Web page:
A recent survey found that nearly 73% of people drink coffee every day. Despite the popularity of the hot beverage, there is still a lot of variation in the people who drink coffee.

Some people don’t care about the taste and only want the caffeine rush that comes with cheap brands. Others crave the many different flavor profiles that come with the coffee beans. If you fall in the latter group, then it’s important to know about coffee roast levels.

Why? Because it can drastically change both the taste and use of your coffee bean. In this guide, we’ll give a quick breakdown so you can start finding your ideal roast level today.

Why Does Coffee Need to Be Roasted?

Many people don’t know that coffee in its raw form is green. What’s more, it also has none of the characteristics we would typically associate with the coffee we drink daily.

Not only are green coffee beans soft to the touch, but they also taste and smell a bit like grass. Roasting on high heat is necessary to get all of this unnecessary bean moisture out of the coffee bean.

As chemical changes cause it to turn dark its flavor profile is also changed. The natural flavors and aromas we associate with coffee begin to arise when roasted.

However, it’s important to note that once coffee beans are roasted their flavor gradually begins to diminish. That’s why most manufacturers will store the coffee beans while they’re green until they’re ready to roast.

What Are the Three Coffee Roast Levels?

Coffee roasts can be a spectrum of different levels. However, for the sake of simplicity, we’ve broken them down into three levels: light, medium, and dark.

In this section, we’ll go over the flavor characteristics of each of them and what you should consider using them for.


A coffee is considered a light roast when it’s roasted between 355 to 400°F. Because it’s roasted at a relatively low temperature it’s much lighter in color than medium and dark roasts.

Light roasts highlight the natural taste of the coffee bean’s point of origin. Because there’s less time to develop a roasted flavor, you get a clearer, bright, and acidic flavor profile.

In some cases, you might notice hints of citrus and teas in the light coffee roasts. We recommend light roasts for pour-over coffee. Avoid using light roasts for espresso as it will be both too acidic and lack the characteristic crema.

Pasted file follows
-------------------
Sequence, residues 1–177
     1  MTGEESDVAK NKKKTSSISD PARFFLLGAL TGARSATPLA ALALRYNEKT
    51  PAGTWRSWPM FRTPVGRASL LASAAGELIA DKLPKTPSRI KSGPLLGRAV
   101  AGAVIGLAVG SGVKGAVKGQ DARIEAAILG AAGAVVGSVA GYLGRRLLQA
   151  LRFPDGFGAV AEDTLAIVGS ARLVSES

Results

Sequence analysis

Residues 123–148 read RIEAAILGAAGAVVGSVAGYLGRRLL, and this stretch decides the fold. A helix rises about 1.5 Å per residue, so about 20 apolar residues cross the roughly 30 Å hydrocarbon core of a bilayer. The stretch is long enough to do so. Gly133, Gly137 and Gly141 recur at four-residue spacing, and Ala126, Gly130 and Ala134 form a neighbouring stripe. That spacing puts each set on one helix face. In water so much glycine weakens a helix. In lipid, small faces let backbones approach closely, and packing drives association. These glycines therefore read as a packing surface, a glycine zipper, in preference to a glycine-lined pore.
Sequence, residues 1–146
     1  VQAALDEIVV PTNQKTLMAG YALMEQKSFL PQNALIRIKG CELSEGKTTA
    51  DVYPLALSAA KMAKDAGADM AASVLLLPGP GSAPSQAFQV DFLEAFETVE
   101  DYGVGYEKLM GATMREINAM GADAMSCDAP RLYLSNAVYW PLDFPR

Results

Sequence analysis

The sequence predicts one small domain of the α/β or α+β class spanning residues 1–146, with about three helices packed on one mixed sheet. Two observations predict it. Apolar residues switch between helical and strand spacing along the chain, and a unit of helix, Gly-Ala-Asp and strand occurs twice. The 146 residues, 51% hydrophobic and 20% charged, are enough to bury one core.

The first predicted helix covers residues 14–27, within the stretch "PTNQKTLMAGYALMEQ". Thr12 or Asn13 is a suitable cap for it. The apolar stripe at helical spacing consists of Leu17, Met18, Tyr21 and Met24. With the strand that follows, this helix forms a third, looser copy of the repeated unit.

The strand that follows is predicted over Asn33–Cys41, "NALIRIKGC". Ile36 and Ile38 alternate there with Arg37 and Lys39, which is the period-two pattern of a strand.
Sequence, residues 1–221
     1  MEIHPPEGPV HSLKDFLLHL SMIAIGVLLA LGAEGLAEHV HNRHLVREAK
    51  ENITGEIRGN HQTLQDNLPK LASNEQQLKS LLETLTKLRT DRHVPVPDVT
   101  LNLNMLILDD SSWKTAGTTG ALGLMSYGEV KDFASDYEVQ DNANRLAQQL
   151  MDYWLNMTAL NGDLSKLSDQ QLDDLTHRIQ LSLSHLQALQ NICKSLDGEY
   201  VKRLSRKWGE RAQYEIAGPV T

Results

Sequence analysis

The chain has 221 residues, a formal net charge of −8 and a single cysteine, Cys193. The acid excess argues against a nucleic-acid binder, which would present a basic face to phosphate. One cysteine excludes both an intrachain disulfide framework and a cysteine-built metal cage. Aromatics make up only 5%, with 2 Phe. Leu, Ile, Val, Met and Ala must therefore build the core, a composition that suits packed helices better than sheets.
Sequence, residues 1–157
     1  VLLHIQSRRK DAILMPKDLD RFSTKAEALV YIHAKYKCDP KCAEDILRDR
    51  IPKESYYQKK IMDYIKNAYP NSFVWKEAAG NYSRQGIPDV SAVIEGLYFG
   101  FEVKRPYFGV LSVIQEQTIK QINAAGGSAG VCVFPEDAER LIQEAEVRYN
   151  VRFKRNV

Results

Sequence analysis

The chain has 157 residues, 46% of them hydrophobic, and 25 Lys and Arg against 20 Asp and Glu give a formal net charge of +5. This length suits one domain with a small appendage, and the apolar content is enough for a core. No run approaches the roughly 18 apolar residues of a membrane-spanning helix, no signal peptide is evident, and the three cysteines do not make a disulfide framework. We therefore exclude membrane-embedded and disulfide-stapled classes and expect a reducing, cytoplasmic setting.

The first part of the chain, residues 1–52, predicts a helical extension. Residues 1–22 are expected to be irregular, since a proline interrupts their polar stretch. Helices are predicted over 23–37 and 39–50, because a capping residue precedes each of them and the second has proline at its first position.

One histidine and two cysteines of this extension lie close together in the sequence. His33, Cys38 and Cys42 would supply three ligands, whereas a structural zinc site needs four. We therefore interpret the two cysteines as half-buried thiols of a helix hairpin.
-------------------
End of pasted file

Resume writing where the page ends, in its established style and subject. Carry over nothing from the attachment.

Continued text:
A coffee is considered a medium roast when it reaches a roast temperature between 410 to 428°F. As you can guess, this type of roast is the most balanced of the three.

You do lose a bit of the brightness that you might get from a light roast profile. However, you also lose some of the acidity which can make it easier on people’s stomachs.

If you buy a coffee in the United States, you’re most likely to encounter a medium roast coffee. You can’t go wrong with using this type of bean in a classic drip coffee machine.


A coffee is considered a medium roast when it’s roasted between 465 to 482°F. In addition to the near-black color, dark roasts contain the least acidity of the three.

The heavier roasting process can often bring out notes of tobacco and chocolate. While there’s nothing wrong with enjoying dark roast in a cup of coffee, we highly recommend using it in espressos, lattes, and anything that requires fine coffee grinds.

Because these drinks tend to be more intense they benefit from the low acidity levels and robust flavors found in a dark roast.

How Does Roasting Affect Caffeine Content?

Lighter roasts do tend to have a bit more caffeine in them than darker roasts. However, it’s important to note that this difference can often be minimal.

Because dark roasts have more water-soluble properties it’s a bit more likely that the caffeine will end up in your drink.

However, remember that different coffee beans contain different caffeine amounts. So if you want caffeine pay closer attention to the specific bean instead of the roast.

Which Roast Level Is Right for You?

Remember that the roasting level is all about personal preference. If you aren’t sure what you like, we recommend starting with medium.

If you appreciate bright, bold flavors from your coffee, give light roasts a shot. Or if you’re making a concentrated coffee drink opt for a darker roast.

How Do You Roast Coffee?

You might be interested in roasting your coffee at home if you have access to raw beans. So how hard is this? The truth is that you don’t necessarily need any special equipment to do this.

All you need to do is put the coffee beans in a skillet and roast them over a low flame until they get to the level you want them at. However, there’s a major problem with this method.

There are a variety of factors that can influence how your coffee is roasted. Some of these include the heat level, the amount of agitation in the skillet, and the airflow. When you roast coffee over a skillet it’s impossible to control all of these factors.

As such, you’re going to lack a lot of consistency in your coffee. Some beans will be perfect, others will be burnt and acrid. That’s why professional coffee companies use high-quality equipment like these Giesen coffee roasters.

These types of roasters ensure an even roasting. Unless you’re a coffee business, these can be expensive to own. However, if you reach out to a business you might be able to use some of their models.

Appreciate Learning About Coffee Roast Levels? Keep Exploring

We hope this guide helped you learn more about coffee roast levels. As you can see, while there are some set uses for certain roast levels the option you choose is mainly personal.

So don’t get down if you don’t love them all. Instead, start experimenting and try some different roast blends to find the one that speaks to you the most.

Want more coffee content? Keep exploring to find tons of similar topics that you might just love.